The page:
At the movies
“Thank You for Your Service,” which opens in theaters on Oct. 27, follows a group of U.S. soldiers returning from Iraq who struggle to integrate back into family and civilian life, while living with the memory of a war that threatens to destroy them long after they’ve left the battlefield. Comedian Amy Schumer, 36, co-stars as the wife of one of the veterans. Schumer had a small role in one dramatic film, but this is really her debut as a dramatic actress. I expect she’ll be good; stand-up comedians often make fine dramatic actors.
“LBJ,” a biopic about President Lyndon Johnson, opens on Nov. 2. It covers the period from JFK’s assassination until the passage of the 1965 civil rights act (with some flashbacks). Woody Harrelson stars as LBJ, with Jennifer Jason Leigh, 55, in a supporting role as Lady Bird Johnson. Directed by Rob Reiner, advance reviews are so-so. Harrelson’s good, they say, but the dramatic flow is uneven. Also, Leigh, who can be great, doesn’t have much to do as Lady Bird.
Also opening Nov. 2 is “Lady Bird,” but it’s unrelated to the former first lady. It stars Saorise Ronan (“Brooklyn”) as Marion, a senior attending a Sacramento Catholic high school who is desperate to leave town for a more exciting place like New York. “Lady Bird” is a nickname she gives herself to annoy her middle-class parents. Beanie Feldstein, 24 (Jonah Hill’s sister), and Israeli American actress Odeya Rush, 20, have supporting roles. Advance notices are very good.
Streaming on Netflix
This month, Netflix began streaming the 2016 documentary “Eva Hesse.” Hesse, a German Jewish painter and sculptor who died in 1970, was noted for her use of then-unusual materials (like fiberglass and latex) and is regarded as a founder of postminimalist art. Her reputation, already strong when she died of cancer at age 34, has soared since then. Whatever you think of her art, the documentary tells a very moving Jewish story.
Hesse was born in Nazi Germany in 1936, and she and her parents and younger sister barely made it out to the States. The trauma of that time, we learn, continued to affect Eva and her family as long as she lived. Here’s two things not in the film to enhance your viewing: Her close friend, artist Sol LeWitt (1927-2007), named his first child Eva, and Sir Nicholas Serota, 71, is the Jewish director of the famous Tate Gallery and a huge fan of Hesse’s. He offers incisive commentary in the film.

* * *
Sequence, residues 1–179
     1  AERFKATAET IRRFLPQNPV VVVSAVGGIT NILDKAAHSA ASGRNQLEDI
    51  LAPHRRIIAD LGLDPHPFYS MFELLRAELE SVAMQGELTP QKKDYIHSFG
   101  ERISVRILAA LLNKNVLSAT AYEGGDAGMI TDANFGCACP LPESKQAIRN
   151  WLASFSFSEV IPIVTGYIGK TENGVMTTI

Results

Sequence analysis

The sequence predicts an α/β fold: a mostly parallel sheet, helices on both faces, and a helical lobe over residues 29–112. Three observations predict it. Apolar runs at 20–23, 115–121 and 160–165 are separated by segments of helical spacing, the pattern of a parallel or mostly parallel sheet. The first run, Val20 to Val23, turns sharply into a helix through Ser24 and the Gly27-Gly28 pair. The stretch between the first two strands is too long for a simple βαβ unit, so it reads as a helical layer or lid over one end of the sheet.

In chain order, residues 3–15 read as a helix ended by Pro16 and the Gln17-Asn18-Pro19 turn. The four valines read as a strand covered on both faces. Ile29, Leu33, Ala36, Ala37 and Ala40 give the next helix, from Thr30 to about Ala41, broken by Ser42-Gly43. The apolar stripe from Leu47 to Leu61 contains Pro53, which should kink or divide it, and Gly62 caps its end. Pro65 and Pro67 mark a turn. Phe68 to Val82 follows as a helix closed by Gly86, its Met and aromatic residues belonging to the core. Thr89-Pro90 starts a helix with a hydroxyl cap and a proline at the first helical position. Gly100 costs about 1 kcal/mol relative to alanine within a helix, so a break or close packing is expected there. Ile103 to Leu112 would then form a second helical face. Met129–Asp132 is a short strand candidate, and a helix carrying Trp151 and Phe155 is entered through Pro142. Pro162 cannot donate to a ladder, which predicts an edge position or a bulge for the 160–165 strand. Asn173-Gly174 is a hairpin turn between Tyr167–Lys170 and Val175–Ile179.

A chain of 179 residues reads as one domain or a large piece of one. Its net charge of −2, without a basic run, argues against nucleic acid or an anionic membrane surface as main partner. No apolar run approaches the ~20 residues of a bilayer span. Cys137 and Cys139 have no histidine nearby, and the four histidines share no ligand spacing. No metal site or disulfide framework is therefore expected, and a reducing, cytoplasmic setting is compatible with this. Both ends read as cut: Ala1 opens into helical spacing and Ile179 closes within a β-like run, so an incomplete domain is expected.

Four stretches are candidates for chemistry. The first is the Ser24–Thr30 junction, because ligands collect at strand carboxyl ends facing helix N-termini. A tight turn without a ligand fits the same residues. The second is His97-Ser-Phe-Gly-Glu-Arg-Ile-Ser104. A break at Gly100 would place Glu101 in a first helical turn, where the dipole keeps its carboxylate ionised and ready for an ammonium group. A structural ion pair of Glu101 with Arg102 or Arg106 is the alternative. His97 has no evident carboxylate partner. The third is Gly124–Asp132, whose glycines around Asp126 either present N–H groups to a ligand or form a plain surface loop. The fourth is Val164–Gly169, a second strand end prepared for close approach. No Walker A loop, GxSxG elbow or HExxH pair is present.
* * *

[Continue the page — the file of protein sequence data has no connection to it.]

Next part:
If you haven’t yet seen “The Meyerowitz Stories” streaming on Netflix, you should. Directed and written by Noah Baumbach, 48, it was picked up as an original film by Netflix following its recent premiere at the Cannes Film Festival. The Cannes audience gave it a four-minute standing ovation. Dustin Hoffman, 80, stars as Harold Meyerowitz, a self-absorbed sculptor with a minor reputation. Adam Sandler and Ben Stiller, both 51, co-star as Harold’s very different sons. Appearing in smaller but important roles are Judd Hirsch, 80, as a sculptor friend of Harold’s, and Rebecca Miller, 55, as his daughter.
Variety said there’s a good chance Sandler will get an Oscar nomination. The New York Times said he was a “revelation” in the film. I think that’s a bit overstated. Sandler has given good dramatic performances before (“Funny People” and “Spanglish”), but those films didn’t have the satisfying dramatic arc of “Meyerowitz” and so they didn’t burst Sandler out of the “aging frat boy” box he’s been in.
Comedian Judah Friedlander, 30 (“30 Rock”), has a stand-up special that starts streaming on Netflix on Halloween, called “America Is the Greatest Country in the United States.”
Baseball in the spotlight
Two Jewish players are on the competing teams in the World Series, which opened on Oct. 24.
Alex Bregman, 23, is the Houston Astros’ third baseman. In a word, he’s “performed” since being called up in 2016. In 2017, he hit .284, with 19 home runs, 71 RBIs and 17 stolen bases. On Oct. 5, in his first postseason at-bat, he hit a first-inning home run against Red Sox ace Chris Sale in Game 1 of an American League Division Series. In Game 4, Bregman sparked a series-clinching rally with another homer off Sale. Bregman’s parents are both lawyers and members of New Mexico’s oldest synagogue. His father was a good baseball player in his youth.
Joc Pederson, 25, a Los Angeles Dodgers outfielder, had a horrible 2017 season and was sent to the minors in August. He was recalled on Oct. 1 and made a brief appearance in one playoff game. He made the All-Star team in 2015, so there’s a chance he can regain his form. Pederson played for Team Israel in 2013.